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The Class Missing From Medical School: Climate Change

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Recent weather patterns, including Europe’s record-breaking winter heat as well as detrimental flooding and storms in the western U.S., are further indications that we are in the midst of the greatest existential threat in history. Devastating effects are being felt across the globe on a daily basis, and there are a multitude of objective measures proving climate change is actively occurring and likely worsening. According to the Intergovernmental Panel on Climate Change, the “scientific evidence for warming of the climate system is unequivocal.” Due to anthropogenic carbon emissions, the global temperature has risen approximately 1 degree Celsius since the late 1800s, leading to a cascade of negative outcomes such as melting icecaps, altered weather patterns, and manipulated water cycles, which have caused catastrophic levels of damage. Forecasts for the coming decades are worse, with current projections demonstrating unprecedented destruction to ecosystems across the planet if greenhouse emissions are not drastically curbed.

Not enough attention is given, however, to the plethora of negative health effects linked to climate change which toward the end of this century are projected to cost more than two hundred billion dollars globally every year.  The adverse effects brought on by environmental changes will be widespread and non-discriminate. Even individuals who are healthy at baseline will be at greater risk for developing disease. Increased environmental temperatures have been linked to increased differentiation in the methylated regions of human genomes, which will likely lead to increased rates of cancer, particularly of the lungs and skin. The increased CO2 in the atmosphere has been linked to prolonged pollination periods as well as increased potency of pollen allergens. Pollen is known to be pro-inflammatory and a trigger for many people with allergies and asthma. From a cardiovascular standpoint, there is a well-defined U-shaped curve between temperatures and adverse cardiac event outcomes: temperature extremes on either end are linked to greater cardiac disease. Levels of anxiety and depression in younger populations are increasing, and more than half of individuals between the ages of 16 and 25 polled in a 2021 survey said they believe humanity is doomed, showing a severe psychological toll on the population.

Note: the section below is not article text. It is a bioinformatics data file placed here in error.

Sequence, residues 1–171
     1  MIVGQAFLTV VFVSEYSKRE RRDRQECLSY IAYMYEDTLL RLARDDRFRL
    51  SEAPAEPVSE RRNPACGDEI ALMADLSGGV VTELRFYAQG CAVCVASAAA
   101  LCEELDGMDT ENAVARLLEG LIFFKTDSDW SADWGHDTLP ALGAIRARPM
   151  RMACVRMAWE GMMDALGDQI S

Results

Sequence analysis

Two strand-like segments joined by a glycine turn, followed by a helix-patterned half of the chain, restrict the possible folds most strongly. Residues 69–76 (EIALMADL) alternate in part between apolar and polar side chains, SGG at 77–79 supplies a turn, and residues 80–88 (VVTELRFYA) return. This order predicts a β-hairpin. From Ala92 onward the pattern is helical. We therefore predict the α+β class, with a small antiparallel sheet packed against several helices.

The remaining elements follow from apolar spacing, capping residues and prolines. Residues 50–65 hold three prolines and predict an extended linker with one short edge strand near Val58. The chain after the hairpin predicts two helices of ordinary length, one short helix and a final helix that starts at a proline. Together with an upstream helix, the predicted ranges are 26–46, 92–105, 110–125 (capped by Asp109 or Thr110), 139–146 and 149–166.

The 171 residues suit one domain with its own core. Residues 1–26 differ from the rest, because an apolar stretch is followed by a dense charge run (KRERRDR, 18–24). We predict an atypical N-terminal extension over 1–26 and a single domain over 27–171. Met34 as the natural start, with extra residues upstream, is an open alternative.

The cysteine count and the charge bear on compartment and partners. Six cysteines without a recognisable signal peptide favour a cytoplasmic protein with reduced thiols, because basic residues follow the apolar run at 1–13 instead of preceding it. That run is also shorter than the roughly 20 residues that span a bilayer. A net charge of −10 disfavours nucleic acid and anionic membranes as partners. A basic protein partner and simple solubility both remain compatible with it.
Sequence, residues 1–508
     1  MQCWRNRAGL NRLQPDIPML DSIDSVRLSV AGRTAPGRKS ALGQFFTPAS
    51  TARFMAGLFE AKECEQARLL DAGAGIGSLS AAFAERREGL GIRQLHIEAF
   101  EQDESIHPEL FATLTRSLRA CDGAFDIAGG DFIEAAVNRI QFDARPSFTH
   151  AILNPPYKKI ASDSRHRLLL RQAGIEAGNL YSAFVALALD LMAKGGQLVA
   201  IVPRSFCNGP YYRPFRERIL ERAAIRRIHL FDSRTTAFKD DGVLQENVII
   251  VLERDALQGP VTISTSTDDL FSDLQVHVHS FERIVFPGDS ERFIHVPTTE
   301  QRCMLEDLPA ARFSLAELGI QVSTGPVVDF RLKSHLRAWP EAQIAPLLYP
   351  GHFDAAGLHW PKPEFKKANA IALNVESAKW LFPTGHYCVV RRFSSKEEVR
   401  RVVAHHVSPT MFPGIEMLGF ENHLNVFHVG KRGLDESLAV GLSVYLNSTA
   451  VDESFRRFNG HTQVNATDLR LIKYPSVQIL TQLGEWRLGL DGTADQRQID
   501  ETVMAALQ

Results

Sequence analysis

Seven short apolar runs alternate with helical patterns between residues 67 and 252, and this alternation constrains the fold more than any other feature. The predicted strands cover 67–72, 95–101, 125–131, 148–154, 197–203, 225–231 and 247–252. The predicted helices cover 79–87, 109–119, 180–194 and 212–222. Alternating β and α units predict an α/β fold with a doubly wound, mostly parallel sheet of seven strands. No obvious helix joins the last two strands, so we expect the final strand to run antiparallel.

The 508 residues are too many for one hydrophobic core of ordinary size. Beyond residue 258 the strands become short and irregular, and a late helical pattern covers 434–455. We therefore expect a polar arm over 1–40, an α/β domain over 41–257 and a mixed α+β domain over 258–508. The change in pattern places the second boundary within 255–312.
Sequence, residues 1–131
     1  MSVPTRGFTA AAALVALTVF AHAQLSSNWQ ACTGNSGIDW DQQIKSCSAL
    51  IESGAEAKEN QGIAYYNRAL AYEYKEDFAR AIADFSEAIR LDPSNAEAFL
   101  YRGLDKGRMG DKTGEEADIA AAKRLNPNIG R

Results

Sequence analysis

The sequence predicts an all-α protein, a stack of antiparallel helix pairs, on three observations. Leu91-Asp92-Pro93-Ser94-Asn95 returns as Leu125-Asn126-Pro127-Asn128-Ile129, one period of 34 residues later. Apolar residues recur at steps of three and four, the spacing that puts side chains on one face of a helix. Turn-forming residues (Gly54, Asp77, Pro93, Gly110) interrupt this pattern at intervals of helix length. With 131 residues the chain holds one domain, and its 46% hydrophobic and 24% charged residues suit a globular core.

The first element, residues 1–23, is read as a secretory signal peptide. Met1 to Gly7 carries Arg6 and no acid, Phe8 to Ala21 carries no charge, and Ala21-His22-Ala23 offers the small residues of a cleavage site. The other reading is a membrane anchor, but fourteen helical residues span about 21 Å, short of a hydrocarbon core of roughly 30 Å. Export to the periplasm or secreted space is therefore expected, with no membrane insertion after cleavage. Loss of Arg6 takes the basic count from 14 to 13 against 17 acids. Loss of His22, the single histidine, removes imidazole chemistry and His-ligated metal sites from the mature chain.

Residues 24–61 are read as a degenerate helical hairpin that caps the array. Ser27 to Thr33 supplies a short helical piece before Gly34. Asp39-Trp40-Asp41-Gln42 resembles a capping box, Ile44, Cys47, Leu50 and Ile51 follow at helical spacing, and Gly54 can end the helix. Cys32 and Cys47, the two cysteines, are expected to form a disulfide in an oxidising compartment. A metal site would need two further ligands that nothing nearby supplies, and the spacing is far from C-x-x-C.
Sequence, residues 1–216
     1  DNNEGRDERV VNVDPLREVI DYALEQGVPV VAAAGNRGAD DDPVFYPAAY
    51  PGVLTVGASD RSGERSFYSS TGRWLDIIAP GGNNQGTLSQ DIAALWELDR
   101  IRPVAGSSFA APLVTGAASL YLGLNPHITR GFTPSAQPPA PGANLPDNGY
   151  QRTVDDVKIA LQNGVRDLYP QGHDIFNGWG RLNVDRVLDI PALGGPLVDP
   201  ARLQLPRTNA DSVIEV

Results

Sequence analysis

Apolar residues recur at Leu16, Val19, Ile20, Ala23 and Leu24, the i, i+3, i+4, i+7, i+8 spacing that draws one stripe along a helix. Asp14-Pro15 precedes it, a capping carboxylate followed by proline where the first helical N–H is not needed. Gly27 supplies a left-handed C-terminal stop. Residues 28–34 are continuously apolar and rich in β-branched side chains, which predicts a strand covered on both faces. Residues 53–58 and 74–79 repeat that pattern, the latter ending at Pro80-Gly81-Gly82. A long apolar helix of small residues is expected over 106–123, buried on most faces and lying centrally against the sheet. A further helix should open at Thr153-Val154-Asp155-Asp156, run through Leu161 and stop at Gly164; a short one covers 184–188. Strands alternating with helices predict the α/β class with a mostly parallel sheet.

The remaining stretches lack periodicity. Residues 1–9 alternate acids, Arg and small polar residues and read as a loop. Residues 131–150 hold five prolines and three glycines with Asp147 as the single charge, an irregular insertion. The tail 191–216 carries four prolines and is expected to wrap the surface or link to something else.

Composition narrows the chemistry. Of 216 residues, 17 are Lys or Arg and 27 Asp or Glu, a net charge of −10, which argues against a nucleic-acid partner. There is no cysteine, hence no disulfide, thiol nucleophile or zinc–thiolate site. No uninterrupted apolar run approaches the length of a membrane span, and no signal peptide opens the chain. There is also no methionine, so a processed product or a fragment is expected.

Yet despite the overwhelming evidence that global warming should be a concern for medical professionals of all specialties, few medical schools have integrated the topic into their core curricula. Some, like Stanford University School of Medicine and my own medical school — the University of Texas at Austin Dell Medical School — offer elective courses. Others, such as the University of Illinois and the University of Minnesota, have started integrating components into lectures for their required classes. But only a handful, like the University of Colorado and the University of California San Francisco, have designated courses about climate change and its associated health effects that are mandatory for their students. With nearly 200 allopathic and osteopathic medical programs in the U.S., this represents a dismal proportion of schools teaching about the connection between global warming and health. 

Accordingly, an informal survey of 28 attending and resident physicians and 80 medical students at the University of Texas conducted by the author utilized Likert scales to gauge perceived knowledge of climate change and its associated health impacts as well as desire to learn more about these topics. Nearly 100% of attendings and residents and 86% of medical students answered at least “somewhat agree” to the statement “I would like to learn more about the health impacts of climate change.” In addition, 75% of attendings and residents and 65% of medical students answered at least “somewhat agree” to the statement “I believe US medical schools (undergraduate medical education) should include a mandatory curriculum on health impacts of climate change.” Only 57% of total respondents answered at least “somewhat agree” to the statement “I am knowledgeable about the health impacts of climate change.” These results show the medical community’s willingness to learn more about this topic and the desire to ensure it is properly addressed in our education. The clear knowledge gap among students should be addressed so that future physicians can better handle the climate-related health challenges that will quickly become more prevalent over the coming years. 

Increasingly, medical schools are recognizing the need to teach students about environmental health, including global warming. But changes to the curriculum are gradual and sporadic. This piecemeal approach to addressing global warming in medical training is unacceptable in the face of a looming crisis. The Association of American Medical Colleges should take immediate action to incorporate the subject into national education requirements so future clinicians can embrace their role in the fight against climate change. The health of our patients, communities, and ultimately our world is at stake.

How would you include climate change in curricula?

Dr. Lisa Doggett is a family physician in Austin, Texas. She is co-founder of Texas Physicians for Social Responsibility ( and author of a memoir about her transition from doctor to patient with multiple sclerosis (seeking publication).

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